The cost of electricity from solar PV panels has reached parity with grid electricity in Germany, Italy, and Spain, according to consulting firm Eclareon. There are some who think that this will be the signal for a massive surge in demand and huge market growth. It is at this point that we should take a closer look at the definition of grid parity.
“The moment at which the present value of the long term net earnings (considering revenues, savings, cost and depreciation) of a PV system is equal to the long-term cost of receiving traditionally produced and supplied power over the grid.”
The key phrase for me in this definition is ‘long term’ and that the process still requires customers to invest relatively high capital amounts against a long term return. This proposition has been a particularly hard sell to date, since we singularly fail to react to long term propositions in the use of disposable incomes.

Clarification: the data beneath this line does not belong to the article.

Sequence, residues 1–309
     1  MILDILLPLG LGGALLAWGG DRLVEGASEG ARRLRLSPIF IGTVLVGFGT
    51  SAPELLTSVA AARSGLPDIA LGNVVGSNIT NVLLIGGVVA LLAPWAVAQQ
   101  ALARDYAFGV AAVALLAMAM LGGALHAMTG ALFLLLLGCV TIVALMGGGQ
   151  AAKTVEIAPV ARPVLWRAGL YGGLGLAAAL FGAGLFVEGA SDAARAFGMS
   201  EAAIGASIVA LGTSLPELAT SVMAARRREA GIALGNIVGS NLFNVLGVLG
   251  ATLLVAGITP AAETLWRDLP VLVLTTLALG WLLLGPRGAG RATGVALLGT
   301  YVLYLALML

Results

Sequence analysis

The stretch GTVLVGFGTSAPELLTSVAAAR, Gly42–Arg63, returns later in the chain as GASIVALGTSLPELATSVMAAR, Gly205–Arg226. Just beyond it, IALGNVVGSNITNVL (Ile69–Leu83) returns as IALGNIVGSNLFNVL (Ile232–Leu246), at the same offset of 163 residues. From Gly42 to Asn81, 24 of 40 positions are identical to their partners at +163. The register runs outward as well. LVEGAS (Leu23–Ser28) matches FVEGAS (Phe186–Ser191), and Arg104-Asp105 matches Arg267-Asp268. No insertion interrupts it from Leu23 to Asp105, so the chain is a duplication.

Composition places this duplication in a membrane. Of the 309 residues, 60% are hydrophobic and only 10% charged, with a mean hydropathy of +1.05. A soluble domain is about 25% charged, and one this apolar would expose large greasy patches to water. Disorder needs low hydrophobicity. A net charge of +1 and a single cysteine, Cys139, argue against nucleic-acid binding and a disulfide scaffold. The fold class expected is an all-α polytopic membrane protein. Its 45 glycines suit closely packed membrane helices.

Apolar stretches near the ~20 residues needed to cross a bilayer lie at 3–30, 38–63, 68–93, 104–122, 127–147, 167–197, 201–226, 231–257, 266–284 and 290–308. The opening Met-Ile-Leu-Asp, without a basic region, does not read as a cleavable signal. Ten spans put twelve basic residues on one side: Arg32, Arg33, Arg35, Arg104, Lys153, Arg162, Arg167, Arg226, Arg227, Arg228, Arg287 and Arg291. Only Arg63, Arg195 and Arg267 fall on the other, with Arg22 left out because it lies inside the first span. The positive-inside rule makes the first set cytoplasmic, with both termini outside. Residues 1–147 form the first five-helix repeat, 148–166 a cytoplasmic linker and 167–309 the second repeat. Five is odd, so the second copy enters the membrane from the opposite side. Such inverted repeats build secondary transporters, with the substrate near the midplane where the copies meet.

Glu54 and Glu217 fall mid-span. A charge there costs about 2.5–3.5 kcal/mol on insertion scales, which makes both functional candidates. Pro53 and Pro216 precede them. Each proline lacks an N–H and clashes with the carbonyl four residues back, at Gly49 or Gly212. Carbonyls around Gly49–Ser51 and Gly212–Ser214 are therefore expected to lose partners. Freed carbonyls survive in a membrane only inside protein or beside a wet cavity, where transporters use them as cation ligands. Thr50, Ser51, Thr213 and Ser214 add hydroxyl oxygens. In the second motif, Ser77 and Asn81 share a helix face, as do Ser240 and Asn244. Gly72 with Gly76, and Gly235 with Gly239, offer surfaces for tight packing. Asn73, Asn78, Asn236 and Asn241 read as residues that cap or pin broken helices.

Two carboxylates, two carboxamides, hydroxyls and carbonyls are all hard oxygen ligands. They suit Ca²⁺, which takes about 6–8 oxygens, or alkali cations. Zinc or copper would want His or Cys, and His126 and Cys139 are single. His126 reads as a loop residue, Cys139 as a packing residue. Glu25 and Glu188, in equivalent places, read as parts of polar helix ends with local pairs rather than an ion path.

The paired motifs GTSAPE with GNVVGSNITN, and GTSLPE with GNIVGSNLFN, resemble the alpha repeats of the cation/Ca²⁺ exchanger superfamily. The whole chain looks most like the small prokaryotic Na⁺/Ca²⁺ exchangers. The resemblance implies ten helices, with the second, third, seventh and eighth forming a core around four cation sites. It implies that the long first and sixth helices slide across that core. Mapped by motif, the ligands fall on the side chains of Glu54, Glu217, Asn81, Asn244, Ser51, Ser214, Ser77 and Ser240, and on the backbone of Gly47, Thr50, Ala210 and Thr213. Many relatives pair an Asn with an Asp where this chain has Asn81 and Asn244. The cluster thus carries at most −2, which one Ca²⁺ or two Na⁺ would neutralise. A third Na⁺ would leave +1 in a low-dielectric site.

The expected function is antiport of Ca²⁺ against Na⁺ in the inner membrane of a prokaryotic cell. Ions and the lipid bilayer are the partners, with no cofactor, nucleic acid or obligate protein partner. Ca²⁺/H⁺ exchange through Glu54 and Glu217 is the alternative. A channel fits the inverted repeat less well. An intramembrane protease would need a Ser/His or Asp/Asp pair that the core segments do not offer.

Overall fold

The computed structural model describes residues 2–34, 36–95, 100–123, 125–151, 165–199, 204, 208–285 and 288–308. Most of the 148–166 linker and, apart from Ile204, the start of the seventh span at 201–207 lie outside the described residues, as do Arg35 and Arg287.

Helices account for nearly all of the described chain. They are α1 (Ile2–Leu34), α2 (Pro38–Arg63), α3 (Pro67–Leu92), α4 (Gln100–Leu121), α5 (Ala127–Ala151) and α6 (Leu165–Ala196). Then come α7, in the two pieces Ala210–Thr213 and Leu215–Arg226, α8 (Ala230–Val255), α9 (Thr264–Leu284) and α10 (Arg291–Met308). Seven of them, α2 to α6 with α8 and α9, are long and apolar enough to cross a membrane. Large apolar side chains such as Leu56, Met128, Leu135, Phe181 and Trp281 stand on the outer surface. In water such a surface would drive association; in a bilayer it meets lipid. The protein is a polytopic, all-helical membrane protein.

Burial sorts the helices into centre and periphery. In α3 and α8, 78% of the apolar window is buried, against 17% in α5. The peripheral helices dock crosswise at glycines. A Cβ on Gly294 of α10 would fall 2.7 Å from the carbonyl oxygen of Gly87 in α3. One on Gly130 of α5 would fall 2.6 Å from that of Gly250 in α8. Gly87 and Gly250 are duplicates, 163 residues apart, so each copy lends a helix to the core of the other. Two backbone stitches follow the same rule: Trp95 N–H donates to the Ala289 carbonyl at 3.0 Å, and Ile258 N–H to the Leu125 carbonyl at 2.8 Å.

The issue becomes interesting when considering how government might then begin to look at renewables as the most appropriate investment. For example, it has been reported that the planned subsidies for the new nuclear power station at Hinkley Point in Somerset could reach £17 bn.
This is why investing in a renewable future not only makes great environmental sense but it makes great economic sense too.